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Column One: Curriculum

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The micro-environments that exist in the water-filled crooks of trees are handy, and frequently overlooked, laboratories for teaching ecological concepts, according to a University of Wisconsin scientist.

The study of "tree-hole habitats," according to Dan Young, an entomologist at the university's Madison campus, can help make high-school students aware of the relationships between the insects, bacteria, and fungi that thrive in depressions filled by snowmelt and spring rains.

Tree holes "are highly specialized examples of miniature aquatic communities," he explains. "Most of the organisms associated with [them] are found nowhere else in nature."

Yet the ecological balance struck in those communities is similar to that which rules in much larger bodies of water.

And so, with the assistance of Sara Obern, a local high-school teacher, Mr. Young is refining a curriculum that will allow teachers to easily replicate the habitats in the typical classroom.

The lesson plans and instructional materials, which are scheduled to be published this spring, show teachers how to develop self-contained, artificial tree-hole communities in two-liter soft-drink bottles.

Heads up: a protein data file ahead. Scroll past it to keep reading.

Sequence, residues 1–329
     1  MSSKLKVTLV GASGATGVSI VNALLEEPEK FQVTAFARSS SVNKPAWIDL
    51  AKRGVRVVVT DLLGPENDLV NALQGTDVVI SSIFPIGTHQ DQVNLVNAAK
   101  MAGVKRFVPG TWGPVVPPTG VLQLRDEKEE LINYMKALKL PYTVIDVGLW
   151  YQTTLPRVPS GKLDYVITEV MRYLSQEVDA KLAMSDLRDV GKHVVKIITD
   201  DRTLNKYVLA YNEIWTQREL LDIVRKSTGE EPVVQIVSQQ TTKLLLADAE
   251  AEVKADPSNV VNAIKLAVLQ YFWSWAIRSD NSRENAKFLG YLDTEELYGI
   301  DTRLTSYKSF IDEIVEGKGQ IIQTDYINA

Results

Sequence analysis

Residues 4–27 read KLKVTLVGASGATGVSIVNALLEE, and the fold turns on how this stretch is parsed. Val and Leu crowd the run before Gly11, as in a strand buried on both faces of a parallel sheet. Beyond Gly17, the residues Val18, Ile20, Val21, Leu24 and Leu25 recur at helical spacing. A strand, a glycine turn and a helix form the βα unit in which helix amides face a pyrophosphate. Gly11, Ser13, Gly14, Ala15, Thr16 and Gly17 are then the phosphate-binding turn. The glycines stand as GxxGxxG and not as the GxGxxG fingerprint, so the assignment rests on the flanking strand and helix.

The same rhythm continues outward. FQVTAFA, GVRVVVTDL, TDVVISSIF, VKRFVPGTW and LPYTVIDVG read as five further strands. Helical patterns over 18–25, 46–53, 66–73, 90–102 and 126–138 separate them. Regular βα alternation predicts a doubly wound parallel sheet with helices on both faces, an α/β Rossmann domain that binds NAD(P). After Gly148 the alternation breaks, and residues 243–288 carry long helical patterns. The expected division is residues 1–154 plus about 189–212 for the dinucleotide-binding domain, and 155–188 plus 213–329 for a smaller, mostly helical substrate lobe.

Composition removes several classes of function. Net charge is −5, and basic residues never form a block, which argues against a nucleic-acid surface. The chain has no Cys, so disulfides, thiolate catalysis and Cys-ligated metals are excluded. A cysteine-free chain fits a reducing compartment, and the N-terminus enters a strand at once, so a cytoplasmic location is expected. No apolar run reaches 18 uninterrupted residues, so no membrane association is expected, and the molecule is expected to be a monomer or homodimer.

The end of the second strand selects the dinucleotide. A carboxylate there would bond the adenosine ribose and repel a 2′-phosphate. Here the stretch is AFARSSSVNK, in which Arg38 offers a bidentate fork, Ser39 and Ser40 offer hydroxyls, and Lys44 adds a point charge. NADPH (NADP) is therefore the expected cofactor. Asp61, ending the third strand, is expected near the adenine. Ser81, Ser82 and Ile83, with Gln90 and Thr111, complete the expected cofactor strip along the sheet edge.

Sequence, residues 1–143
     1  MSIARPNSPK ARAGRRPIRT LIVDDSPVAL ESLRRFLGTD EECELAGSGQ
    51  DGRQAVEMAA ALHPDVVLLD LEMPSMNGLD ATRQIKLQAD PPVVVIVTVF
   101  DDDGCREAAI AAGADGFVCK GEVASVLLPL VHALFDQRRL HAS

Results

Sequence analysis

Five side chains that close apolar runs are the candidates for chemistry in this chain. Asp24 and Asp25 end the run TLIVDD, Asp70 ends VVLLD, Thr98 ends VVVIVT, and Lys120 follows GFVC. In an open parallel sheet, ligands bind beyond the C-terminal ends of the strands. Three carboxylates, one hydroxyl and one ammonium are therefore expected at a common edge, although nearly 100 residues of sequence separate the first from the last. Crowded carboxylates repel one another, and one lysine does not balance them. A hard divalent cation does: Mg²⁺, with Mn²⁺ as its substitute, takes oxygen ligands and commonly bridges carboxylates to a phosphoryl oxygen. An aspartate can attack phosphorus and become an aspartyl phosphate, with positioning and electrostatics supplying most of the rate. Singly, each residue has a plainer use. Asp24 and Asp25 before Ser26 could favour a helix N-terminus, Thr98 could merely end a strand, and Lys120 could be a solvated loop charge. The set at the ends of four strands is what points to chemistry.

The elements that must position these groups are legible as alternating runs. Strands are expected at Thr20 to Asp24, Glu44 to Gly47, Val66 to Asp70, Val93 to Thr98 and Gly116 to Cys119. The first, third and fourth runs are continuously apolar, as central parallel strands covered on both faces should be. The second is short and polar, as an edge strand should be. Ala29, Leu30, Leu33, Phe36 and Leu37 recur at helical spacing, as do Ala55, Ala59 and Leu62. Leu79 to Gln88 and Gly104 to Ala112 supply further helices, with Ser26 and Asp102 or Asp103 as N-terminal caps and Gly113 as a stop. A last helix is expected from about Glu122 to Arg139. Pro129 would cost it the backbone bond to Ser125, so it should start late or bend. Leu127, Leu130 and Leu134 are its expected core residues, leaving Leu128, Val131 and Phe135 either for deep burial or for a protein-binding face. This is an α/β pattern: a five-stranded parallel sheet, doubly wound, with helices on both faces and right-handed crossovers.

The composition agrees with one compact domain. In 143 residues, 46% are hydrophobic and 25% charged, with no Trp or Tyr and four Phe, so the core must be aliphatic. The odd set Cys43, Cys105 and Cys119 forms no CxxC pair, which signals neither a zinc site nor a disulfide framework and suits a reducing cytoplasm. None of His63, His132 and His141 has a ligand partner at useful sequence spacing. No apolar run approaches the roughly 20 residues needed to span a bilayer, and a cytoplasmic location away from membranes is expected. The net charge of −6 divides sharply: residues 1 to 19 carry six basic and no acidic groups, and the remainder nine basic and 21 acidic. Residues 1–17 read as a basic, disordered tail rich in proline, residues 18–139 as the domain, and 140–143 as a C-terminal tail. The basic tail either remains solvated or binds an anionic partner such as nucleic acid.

Among the advantages of the technique is that it encourages students to collect living specimens and to observe them in a recreated habitat without risk of harming the creatures, Mr. Young said.

The Ohio Department of Education is undertaking one of the most extensive longitudinal studies to date of the popular Reading Recovery program for children having trouble learning to read.

The $515,000 study, begun last fall, will track 2,000 1st-grade students who completed Reading Recovery, or some other compensatory reading program, through the 4th grade.

Franklin B. Walter, the state superintendent of public instruction, said the program has already been successful in enabling 85 percent of the state's students who participated to read independently after about 30 hours of assistance. The new study, he said, will determine whether those students can continue to read successfully without further remedial help as they get older.

The program, developed by a New Zealand researcher, is used by school districts in 22 states in this country. (See Education Week, Nov. 7, 1990.) Ohio in 1984 became the first state to launch the program statewide. The method provides highly structured, individual tutoring for 1st graders who are in the bottom 20 percent of their classes in reading ability.--dv & pw

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